King County Council Chair Joe McDermott
Beginning this Friday morning, April 29, the viaduct will be closed for up to two weeks as Bertha tunnels underneath the structure. The closure will extend from the West Seattle Bridge to the Battery Street Tunnel. The County is working hard with the City, Port, WSDOT and the Feds to help limit the negative impacts this closure will have on your commute. But it is important that all of us plan ahead, consider adjusting our travel habits and be flexible.
If your bus uses the viaduct, it will be rerouted through SODO. Learn about your bus' reroute at this link. To help address problems that may come up, Metro will have extra buses on standby to help keep the system moving.
For West Seattle residents and folks who live on Vashon and Maury Islands, I strongly encourage you to use the Water Taxi during these upcoming two weeks.
Vashon Riders, we've added five additional runs to serve you during this closure. The new runs leave Vashon at 6:30 am, 7:30 am, 4:23 pm and 5:28 pm and 6:28 pm. Extra runs leave Pier 50 in Seattle at 6:00 am, 7:15 am, 3:55 pm, 5:00 pm and 6:00 pm. This brochure will tell you more about the Vashon Water Taxi.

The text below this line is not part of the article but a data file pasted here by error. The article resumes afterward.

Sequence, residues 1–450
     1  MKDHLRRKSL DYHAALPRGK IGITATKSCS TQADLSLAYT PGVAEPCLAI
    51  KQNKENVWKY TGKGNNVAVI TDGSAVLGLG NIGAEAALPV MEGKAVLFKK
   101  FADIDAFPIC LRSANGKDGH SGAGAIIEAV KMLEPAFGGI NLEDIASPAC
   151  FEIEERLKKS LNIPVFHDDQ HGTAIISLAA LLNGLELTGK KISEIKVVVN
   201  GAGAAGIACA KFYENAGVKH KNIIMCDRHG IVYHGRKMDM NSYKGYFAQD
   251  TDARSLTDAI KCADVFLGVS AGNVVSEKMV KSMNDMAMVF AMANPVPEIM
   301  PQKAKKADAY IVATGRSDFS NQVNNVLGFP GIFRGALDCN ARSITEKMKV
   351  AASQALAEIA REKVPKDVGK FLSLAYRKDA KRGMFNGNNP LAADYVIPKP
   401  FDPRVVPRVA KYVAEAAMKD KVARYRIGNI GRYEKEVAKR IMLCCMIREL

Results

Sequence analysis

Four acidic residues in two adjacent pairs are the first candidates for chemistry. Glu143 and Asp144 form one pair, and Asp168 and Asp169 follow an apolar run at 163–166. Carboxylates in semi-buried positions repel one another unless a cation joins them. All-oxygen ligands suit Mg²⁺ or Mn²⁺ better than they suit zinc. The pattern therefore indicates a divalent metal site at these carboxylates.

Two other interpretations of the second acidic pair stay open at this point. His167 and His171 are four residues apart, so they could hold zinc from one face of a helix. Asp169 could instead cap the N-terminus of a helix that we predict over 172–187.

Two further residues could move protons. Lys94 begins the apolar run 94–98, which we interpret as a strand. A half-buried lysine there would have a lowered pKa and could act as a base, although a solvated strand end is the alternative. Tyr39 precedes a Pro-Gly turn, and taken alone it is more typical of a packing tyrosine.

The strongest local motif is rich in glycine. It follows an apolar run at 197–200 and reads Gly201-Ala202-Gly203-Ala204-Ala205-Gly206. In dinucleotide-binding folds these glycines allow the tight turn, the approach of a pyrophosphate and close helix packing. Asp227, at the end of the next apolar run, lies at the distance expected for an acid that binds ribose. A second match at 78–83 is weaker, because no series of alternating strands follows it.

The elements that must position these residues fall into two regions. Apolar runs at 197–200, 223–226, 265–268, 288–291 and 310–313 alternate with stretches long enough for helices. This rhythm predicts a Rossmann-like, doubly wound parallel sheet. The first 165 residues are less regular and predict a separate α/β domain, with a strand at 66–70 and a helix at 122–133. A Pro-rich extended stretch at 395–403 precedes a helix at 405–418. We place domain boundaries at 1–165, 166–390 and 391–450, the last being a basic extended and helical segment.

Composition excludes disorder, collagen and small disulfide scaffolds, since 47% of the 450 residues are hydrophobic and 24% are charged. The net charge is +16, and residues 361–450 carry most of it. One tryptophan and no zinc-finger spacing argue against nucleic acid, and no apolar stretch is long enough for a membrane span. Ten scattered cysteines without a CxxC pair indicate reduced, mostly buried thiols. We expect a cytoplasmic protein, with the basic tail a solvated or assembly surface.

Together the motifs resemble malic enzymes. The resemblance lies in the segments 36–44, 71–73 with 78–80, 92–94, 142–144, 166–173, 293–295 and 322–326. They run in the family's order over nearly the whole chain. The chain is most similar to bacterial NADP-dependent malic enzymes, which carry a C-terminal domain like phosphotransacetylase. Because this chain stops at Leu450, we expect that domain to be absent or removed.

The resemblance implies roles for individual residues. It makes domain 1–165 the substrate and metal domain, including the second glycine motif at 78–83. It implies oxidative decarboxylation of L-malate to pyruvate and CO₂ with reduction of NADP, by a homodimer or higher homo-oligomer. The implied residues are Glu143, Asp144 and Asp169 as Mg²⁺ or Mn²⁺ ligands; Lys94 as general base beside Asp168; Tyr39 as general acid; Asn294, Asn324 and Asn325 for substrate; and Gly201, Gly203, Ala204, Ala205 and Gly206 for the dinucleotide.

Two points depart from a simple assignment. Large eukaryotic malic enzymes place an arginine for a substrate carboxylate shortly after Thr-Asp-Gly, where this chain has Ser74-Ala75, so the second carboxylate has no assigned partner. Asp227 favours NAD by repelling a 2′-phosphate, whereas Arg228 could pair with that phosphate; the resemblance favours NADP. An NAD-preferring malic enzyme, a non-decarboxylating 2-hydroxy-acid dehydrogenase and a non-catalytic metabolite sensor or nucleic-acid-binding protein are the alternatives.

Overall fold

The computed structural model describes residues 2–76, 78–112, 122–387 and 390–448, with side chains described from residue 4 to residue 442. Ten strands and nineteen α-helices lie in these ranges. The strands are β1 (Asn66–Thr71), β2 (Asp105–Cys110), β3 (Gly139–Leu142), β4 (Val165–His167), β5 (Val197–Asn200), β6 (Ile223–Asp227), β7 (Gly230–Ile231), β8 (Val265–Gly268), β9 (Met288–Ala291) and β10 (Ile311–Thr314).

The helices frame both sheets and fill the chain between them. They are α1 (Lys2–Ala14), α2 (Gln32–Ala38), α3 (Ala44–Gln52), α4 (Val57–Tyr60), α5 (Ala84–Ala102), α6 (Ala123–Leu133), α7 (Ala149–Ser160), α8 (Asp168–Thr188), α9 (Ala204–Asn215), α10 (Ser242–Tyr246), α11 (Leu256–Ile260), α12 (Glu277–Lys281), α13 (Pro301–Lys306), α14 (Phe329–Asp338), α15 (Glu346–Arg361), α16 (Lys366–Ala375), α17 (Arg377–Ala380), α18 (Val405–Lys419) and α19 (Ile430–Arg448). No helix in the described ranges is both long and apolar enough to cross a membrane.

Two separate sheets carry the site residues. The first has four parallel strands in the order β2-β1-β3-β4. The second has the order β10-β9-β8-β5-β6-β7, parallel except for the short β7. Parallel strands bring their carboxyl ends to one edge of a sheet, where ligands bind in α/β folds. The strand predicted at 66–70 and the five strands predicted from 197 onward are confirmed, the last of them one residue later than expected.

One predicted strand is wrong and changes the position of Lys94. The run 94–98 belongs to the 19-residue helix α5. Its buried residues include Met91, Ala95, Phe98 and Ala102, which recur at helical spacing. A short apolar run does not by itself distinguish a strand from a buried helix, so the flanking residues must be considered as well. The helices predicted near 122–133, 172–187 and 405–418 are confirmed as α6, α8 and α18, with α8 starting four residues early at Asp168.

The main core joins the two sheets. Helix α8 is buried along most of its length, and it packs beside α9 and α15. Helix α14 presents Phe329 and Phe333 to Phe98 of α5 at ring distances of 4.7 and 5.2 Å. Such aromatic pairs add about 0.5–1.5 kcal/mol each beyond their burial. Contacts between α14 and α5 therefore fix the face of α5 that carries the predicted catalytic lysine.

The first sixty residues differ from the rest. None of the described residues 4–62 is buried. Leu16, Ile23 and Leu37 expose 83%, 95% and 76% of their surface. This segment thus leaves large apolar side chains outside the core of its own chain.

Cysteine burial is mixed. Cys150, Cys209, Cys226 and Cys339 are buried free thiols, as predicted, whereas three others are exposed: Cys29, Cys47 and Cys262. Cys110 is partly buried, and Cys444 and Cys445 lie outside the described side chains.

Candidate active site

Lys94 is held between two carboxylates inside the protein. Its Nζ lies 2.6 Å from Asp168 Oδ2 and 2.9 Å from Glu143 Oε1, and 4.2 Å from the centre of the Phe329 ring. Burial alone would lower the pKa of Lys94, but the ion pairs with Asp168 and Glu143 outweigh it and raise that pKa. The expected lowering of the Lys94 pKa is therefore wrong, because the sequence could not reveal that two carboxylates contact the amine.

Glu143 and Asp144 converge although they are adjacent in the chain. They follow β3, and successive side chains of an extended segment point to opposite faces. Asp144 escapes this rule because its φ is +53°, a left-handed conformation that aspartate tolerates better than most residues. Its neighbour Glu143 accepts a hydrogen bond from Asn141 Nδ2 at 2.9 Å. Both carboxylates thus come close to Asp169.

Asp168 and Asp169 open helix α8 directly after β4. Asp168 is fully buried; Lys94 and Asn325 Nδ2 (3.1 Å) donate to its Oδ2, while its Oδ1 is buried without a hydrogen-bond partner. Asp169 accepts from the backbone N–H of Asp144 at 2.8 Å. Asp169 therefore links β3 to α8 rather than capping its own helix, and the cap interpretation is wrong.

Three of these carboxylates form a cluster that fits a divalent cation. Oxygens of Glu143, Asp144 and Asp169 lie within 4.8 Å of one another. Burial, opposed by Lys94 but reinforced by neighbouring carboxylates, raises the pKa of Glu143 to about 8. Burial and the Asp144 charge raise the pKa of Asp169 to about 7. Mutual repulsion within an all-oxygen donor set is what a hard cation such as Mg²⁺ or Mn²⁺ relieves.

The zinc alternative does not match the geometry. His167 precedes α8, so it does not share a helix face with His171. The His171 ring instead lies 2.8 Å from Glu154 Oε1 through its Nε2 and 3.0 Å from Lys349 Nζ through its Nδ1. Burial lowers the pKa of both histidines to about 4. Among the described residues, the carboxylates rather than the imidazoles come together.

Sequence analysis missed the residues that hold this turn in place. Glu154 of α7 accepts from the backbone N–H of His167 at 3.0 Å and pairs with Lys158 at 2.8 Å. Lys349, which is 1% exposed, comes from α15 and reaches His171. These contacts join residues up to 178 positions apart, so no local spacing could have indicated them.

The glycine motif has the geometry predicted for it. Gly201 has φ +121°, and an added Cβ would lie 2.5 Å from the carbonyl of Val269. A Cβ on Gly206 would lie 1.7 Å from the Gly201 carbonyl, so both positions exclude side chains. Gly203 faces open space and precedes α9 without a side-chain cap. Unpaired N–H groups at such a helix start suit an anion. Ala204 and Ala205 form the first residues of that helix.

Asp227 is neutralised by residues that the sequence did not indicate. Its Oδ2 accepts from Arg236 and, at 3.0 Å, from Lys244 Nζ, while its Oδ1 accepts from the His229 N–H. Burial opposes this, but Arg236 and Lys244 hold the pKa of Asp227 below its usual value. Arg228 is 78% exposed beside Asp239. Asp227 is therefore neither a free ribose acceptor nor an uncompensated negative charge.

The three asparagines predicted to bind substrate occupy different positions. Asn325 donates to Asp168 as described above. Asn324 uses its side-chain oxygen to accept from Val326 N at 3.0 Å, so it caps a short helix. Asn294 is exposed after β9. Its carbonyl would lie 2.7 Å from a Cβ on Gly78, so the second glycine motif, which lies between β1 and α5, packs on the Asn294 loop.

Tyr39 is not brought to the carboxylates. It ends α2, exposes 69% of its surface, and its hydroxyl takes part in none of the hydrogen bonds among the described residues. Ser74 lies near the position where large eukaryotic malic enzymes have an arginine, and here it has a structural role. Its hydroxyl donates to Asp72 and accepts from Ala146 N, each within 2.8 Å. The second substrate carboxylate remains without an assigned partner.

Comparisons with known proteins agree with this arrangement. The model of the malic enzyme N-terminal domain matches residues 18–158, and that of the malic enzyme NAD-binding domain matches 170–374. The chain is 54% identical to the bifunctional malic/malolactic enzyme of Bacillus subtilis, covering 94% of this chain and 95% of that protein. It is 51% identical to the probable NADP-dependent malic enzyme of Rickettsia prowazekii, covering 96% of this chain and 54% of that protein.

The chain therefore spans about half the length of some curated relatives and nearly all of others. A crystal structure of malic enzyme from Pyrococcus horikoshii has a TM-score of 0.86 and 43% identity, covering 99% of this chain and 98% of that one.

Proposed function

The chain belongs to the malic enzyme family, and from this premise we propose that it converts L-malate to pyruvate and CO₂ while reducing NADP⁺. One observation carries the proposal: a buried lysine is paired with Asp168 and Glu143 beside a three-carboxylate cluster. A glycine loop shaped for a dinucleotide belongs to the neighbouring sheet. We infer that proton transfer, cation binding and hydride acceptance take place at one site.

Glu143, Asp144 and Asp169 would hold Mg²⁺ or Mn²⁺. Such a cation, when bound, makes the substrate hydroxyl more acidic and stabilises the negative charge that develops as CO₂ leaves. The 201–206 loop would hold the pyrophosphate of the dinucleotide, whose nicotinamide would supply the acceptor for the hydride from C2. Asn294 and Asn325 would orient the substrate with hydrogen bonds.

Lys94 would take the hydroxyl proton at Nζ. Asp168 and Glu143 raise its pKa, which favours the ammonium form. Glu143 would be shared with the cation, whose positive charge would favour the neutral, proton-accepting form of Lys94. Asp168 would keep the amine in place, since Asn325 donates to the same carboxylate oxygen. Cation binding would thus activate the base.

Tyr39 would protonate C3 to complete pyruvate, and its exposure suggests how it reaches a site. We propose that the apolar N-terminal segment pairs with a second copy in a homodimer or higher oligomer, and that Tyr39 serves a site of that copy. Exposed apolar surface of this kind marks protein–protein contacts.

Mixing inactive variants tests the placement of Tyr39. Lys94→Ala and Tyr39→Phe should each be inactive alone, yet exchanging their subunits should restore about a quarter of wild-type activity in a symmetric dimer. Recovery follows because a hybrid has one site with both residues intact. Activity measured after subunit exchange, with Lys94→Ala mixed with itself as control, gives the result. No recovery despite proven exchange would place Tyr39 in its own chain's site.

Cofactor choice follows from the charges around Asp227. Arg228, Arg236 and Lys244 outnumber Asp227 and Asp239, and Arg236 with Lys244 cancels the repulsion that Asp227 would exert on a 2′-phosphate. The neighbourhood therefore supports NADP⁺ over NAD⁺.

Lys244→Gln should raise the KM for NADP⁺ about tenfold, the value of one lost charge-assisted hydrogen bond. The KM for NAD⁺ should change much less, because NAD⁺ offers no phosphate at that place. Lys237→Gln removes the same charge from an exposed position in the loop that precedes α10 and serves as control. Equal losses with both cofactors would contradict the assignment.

For West Seattle riders, we've secured more parking options to help make the water taxi easier for you to use in the coming weeks.
• Harbor Ave SW will have overnight parking restrictions south of Seacrest Park to ensure there is parking available for your morning commute.
• Parking for about 40 cars will be available on SW Bronson Way, south of Salty's restaurant.
• Finally, the Pier 2 parking lot will securely host 200 cars Monday – Friday. You can drop your car off at this lot between 5:45 am and 9:15 am and then pick it up between 4 pm and 7:15 pm. Cars will not be accessible outside of these hours. A shuttle will be available to take you from Pier 2 to Seacrest Park.
You can read more about the Water Taxi service and parking options here
We're here to help. If you need help determining the best commute alternative for you, you can visit www.kingcounty.gov/getready or call Metro customer service at 206-553-3000. You can also stay updated on major traffic and project alerts by following any of the following twitter handles @BerthaDigsSR99, @WSDOT_Traffic, @SeattleDOT, @KCMetroBus, @SoundTransit, @MyCommTrans, and the hashtag #99closure.
By being flexible and planning ahead, we can limit the impact of the viaduct's closure over the coming the weeks.
Taking action to support our neighbors experiencing homelessness
We all rely on a safe and stable place to call home as a foundation in life.
But for a growing number of people in King County, that foundation doesn’t exist.